Ten Top Tips for great Donor communications


Make every word count. From the first word of the first line, you must engage, include, motivate and drive forward your core messages. There is no room for waffle.


Impact drives income! The power of story connects donors to your organisation. The impact of what you do – and the impact of what their donation will do – is paramount. All other information is secondary. Donor communications must focus on linking them to the beneficiary (take out the middle men – that’s usually the organisation – as much as possible). Demonstrate impact is your mantra.


Include your donor in the story. Do not talk at them. Bring them into the dusty village, or the hospital ward, or the child’s home. Make them a part of your team.what signposts and landmarks are on the way? If you don’t, they will be lost. Make a plan. Know what you plan to say over the course of the next 12 -18 months.


Don’t patronise. If you use language, terms or places that the reader won’t know or understand you exclude them. Don’t use the name of an African village assuming your reader will know where or what it is. Put it in context (a small rural village near Nairobi) and give descriptions that are relevant to the story or challenge they face (In Turkana desert, where 600,000 people live in a brutal landscape larger than the island of Ireland, 80% of adults cannot read or write)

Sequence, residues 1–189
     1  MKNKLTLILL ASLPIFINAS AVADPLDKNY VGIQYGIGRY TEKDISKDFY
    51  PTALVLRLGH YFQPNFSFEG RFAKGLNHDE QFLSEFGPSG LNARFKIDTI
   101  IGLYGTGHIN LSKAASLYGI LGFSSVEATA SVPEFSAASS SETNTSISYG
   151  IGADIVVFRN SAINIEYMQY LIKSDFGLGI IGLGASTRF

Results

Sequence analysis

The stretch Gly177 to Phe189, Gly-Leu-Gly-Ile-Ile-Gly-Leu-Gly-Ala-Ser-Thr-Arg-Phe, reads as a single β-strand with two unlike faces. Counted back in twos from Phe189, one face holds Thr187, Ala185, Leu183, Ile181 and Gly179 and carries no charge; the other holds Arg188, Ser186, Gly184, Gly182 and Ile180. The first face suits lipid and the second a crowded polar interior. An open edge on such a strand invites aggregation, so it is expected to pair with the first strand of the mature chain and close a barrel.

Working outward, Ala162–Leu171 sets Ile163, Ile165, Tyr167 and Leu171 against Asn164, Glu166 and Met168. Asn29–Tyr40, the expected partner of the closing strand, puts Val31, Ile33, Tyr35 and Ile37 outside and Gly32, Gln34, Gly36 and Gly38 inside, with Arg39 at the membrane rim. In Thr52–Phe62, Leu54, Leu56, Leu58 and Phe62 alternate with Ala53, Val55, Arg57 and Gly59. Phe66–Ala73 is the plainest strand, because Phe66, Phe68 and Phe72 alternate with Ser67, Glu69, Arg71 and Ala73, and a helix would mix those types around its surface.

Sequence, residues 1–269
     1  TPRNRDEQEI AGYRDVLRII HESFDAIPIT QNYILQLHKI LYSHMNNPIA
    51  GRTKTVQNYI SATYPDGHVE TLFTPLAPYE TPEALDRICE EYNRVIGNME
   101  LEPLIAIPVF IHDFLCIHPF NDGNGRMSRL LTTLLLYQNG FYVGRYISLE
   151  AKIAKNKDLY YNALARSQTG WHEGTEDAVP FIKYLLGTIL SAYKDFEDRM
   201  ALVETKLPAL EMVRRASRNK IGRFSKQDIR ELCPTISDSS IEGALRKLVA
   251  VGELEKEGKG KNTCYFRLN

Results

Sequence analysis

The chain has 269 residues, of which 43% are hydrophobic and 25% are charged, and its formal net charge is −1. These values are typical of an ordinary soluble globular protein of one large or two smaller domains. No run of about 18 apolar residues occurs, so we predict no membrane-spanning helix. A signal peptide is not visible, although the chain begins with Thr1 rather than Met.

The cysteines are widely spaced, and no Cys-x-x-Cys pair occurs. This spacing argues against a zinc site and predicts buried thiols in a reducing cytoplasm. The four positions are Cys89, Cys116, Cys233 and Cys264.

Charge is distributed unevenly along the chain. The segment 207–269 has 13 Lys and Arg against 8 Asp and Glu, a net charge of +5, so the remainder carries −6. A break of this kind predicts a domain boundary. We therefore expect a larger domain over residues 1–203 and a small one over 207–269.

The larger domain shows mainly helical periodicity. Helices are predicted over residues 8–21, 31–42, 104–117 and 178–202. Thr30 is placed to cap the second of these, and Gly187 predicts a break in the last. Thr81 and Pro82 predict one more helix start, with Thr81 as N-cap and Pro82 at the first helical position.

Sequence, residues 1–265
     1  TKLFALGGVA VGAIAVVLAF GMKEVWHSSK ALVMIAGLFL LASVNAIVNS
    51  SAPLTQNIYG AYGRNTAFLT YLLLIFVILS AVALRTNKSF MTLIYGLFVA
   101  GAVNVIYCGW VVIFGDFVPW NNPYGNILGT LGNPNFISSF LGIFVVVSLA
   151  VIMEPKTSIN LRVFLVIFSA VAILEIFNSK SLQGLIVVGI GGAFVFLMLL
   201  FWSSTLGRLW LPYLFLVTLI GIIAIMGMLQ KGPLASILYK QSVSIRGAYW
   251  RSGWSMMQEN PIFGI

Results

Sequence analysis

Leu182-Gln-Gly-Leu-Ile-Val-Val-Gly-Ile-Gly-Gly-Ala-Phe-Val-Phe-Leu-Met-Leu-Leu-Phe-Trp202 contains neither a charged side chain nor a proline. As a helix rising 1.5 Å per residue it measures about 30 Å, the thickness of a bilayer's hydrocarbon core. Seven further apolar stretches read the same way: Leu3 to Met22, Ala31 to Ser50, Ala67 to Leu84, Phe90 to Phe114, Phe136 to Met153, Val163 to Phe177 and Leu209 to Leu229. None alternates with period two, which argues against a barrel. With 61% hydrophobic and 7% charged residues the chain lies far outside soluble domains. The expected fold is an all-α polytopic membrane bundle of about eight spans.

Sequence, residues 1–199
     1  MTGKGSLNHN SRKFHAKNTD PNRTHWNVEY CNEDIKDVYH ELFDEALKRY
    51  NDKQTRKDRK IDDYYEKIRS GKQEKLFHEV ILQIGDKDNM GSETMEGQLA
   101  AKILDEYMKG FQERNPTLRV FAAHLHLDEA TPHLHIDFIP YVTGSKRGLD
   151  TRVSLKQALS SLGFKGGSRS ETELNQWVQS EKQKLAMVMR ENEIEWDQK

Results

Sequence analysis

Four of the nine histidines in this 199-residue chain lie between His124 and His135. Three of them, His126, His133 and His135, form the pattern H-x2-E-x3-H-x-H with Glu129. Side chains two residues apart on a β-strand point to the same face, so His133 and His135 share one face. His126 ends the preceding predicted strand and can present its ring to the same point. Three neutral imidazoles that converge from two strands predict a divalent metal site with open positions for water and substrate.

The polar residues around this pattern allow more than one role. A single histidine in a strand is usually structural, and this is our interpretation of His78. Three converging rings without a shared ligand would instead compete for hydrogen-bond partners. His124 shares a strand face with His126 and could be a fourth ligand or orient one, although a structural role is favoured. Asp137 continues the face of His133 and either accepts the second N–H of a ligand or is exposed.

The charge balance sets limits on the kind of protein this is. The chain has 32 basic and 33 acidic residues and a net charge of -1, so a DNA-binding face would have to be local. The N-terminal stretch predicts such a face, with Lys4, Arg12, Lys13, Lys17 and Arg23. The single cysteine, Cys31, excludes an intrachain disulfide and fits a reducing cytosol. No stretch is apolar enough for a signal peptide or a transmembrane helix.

Donor is Queen. Communications have to be relevant to the reader’s life. Ask questions. Set context (In one week in Dublin’s St James Hospital, 35 A&E emergency operations are performed. In one week, in one clinic, in one part of CAR, MSF performed 91 emergency operations on patients with machete and bullet wounds. In a tent. ) Make a connection to something they will understand or relate to.


Donor care is King. Donors need to be cared for. They want to be appreciated. They want to feel included. They want to feel in the know – a part of your organisation. They want to know they matter – and they make a difference.


Use Emotion over fact. Use Story over statistic. You’re talking to people with lives, loves, worries, challenges, hopes and dreams. Be human.


Always link donations to impact. Always. What will their gift achieve?


Write well. I will develop a blog on this shortly but here are three top tips – keep sentences short. Use techniques that enhance the flow and rhythm of the text (like the power of three – listing three ideas or points). Break up your text with short paragraphs, indents, and questions.


Make sure you have a map. We talk about taking our donors on a journey. Do you know where you are taking them? Do you know what signposts and landmarks are on the way? If you don’t, they will be lost. Make a plan. Know what you plan to say over the course of the next 12 -18 months.

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